Saturday, August 25, 2012

Daily Life 1770-1830 - Bathing and personal care products

I thought it would be fun to have a daily life post. Now, I'm sure some of you have noticed my posts have slacked from once a day to once in while. Sorry about that. I'm just not able to keep up with such a rigid blogging schedule with my little ones, moving, and writing. So I thought it would be nice to do a once or twice a week schedule.
Here's the plan. I'm going to post one painting or drawing a week about daily life in the late Georgian/Regency era's I write in, and speak on a topic it suggests. Any other posts are gravy. :-)

Bathing and personal care products

The Morning Toilet. Boudoir Scene

A lady's toilet was not a private affair. At the least she had a maid or other woman in the room to assist her into her clothing. The toilet could take hours. I found some fun recipes for beauty care products from a wonderfully humble book.

The Art of Cookery Made Plain and Easy: Which Far Exceeds Any Thing of the Kind Yet Published.
 By Hannah Glasse 1784

An approved Method practiced by Mrs Duiely, the Queen's Tyre Woman, to preserve Hair and make it grow thick

TAKE one quart of white wine, put in one handful of rosemary flowers, half a pound of honey, distil them together; then add a quarter of a pint of oil of sweet almonds, shake it very well together, put a little of it into a cup, warm it blood warm, rub it well on your head, and comb it dry.
A number of these recipes I could make. (And I doubt they will kill me.) I may try making this one on my youtube channel. I love the term blood warm too. Very nice.

Liquid for the Hair

Two Shillings a Quarter of a Pint
TO three quarts of sweet oil, put a quarter of a pound of alkanet root, cut in small pieces let it be boiled sometime a steam, add thereto three ounces of oil of Jessamine, and one ounce of oil of lavender; strain it through a coarse cloth, but do not squeeze it.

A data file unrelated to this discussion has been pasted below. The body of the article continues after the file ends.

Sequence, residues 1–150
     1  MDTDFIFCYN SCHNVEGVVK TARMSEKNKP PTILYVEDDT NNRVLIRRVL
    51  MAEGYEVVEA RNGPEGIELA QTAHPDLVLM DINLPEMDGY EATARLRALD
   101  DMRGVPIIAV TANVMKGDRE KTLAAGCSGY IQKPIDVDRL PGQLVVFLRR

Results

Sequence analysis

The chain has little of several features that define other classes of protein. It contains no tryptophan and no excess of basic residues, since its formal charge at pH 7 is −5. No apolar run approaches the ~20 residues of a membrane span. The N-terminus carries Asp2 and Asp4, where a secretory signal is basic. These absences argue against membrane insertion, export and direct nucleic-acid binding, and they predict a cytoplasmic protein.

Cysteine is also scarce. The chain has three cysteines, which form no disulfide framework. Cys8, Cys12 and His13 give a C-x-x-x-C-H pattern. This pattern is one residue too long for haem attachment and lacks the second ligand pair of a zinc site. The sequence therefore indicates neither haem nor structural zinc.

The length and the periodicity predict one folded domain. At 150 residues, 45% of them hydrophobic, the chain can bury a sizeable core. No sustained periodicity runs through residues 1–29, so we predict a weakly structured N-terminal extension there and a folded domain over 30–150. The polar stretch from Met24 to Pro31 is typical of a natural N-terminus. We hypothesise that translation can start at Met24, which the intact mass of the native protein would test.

I love that she included 1784 pricing for some items. This appears to be a scented dye. Alkanet root is used to color hair dye, lip balm, etc, and jessamine is a climbing vine.

A Stick or Composition to take Hair out by the Roots

TAKE two ounces and a half of rosin, and one ounce of bees wax, melt them together and make them into sticks for use.
 Unfortunately no use instructions, so I assume they were used in a way similar to waxing your legs in 2012.

To make White Lip Salve and for chapped Hands and Face

Six Shillings and Three pence per Pot
MELT some spermaceti in sweet oil, add thereto a small bit of white wax; when it is melted, put in a small quantity of white sugar candy, and stir it well therein; then pour it into pots for use

To make Shaving Oil

One Shilling per Bottle
DISSOLVE a quantity of oil soap; cut into thin dices in spirits of wine, let it stand a week, then put in as much soft soap till the liquor becomes of a clammy substance, scent as you please, and bottle it for use. 

Wash for the Face

TAKE one quart of milk, a quarter of a pound of saltpetre beaten to a powder; put in two pennyworth of oil of anise-seed, one pennyworth of oil of cloves, about four thimble fulls of the best white wine vinegar, put it into a bottle; let it stand in sand half way up, in the sun, or in some place for a fortnight without the cork; afterwards cork and seal it up.
Saltpeter is a  skin irritant, but it won't kill you.

Hope you found these recipes interesting and helpful whether you read, write, or just love history/historical romance novels.

Next week, cosmetics.


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